There is a mixed bag of bills coming up early in the week I have a few on third reading that I would expect will pass with little discussion.
One, a transparency bill, requires that a referral agency make disclosures to a prospective resident of an assisted living facility if they receive compensation for making the recommendation. Nothing wrong with being compensated for providing a service, but everyone needs to know who is paying whom.
The second is a prohibition on discrimination against a living organ donor in certain insurance policies. Given the battery of tests you have to take to become a living organ donor, they are probably some of the healthiest people around, and this bill states that unless there is actuarial evidence to the contrary, the donor cannot be discriminated against solely on the basis of the donation.
I will be supporting a bill that deals with waste tire management. There are over six million tires on the road in Colorado, and the second largest waste tire disposal site in Colorado is right here in Senate District 2, with tens of millions of tires pushed into gullies and pits. Also, the district is home to one of the primary users of waste tires, so it’s an issue of local importance.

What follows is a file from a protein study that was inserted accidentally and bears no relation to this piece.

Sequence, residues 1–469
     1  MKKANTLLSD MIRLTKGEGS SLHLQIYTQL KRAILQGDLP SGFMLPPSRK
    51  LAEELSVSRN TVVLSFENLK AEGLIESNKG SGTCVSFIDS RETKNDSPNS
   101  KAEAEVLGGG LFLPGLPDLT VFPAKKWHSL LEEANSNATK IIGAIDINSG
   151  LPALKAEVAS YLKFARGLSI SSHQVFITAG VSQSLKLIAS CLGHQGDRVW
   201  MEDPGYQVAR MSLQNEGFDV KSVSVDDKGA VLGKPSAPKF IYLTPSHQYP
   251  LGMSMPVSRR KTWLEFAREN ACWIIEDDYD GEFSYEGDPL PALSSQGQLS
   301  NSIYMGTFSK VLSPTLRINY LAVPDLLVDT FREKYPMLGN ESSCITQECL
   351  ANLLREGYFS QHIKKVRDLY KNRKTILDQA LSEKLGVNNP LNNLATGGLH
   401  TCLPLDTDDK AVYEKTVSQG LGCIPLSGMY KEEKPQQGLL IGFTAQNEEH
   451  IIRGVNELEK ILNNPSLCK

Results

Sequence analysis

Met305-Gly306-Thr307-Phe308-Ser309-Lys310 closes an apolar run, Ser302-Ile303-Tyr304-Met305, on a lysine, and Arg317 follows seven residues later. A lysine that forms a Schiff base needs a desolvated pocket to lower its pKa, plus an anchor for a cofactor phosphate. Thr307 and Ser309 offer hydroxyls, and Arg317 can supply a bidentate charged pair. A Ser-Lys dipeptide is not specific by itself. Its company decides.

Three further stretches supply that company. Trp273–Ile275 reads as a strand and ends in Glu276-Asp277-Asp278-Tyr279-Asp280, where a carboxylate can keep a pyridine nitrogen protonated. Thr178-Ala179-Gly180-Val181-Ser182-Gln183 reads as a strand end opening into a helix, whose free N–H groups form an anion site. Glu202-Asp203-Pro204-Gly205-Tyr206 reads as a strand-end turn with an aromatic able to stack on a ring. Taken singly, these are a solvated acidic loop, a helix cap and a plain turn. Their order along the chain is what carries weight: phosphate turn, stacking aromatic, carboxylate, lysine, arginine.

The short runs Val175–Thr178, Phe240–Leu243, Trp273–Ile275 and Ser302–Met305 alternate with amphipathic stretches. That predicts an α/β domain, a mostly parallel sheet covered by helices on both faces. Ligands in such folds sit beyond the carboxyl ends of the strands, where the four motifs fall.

The good news is the bill requires that for every new waste tire that comes into the disposal site, they are required to send five out, typically in the form of chipped rubber to be used for fuel to generate cement. There are other uses as well, but rubberized roads have not exactly become commonplace, and playgrounds only need to be about so deep in granulated rubber.
The bad news is the fee goes from 55 cents per new tire that you are now paying to $2 per tire. It does sunset in five years, which should give us time to make a sizeable dent in those tire piles. When you pay that additional $1.45 the next time you buy a tire, it’s OK to blame me, but also know this is a user-funded solution.
More controversial than an extra buck forty-five is the Family Leave Act. This is funded through a payroll deduction, with the employee paying 60 percent of the fee and the employer paying the other 40 percent.
The fee versus tax controversy is handled by using the definition of an enterprise in the Taxpayers Bill of Rights, and creating a program that fits within that definition. There are other details that are particularly troubling to small businesses, but what is most concerning to me is the numbers they use to compute the costs are among the lowest in the country.
Which leads me to believe the true cost to fund this program as promised could easily double the almost one-billion-dollar fiscal note that is currently projected.
I welcome your thoughts and comments on the happenings here at the Capital. Lots of ways to stay in touch. Office phone 303-866-4877, Mobile phone 719-351-2121, email SenatorHisey@gmail.com, Twitter @SenDennisHisey and Facebook Senator Dennis Hisey.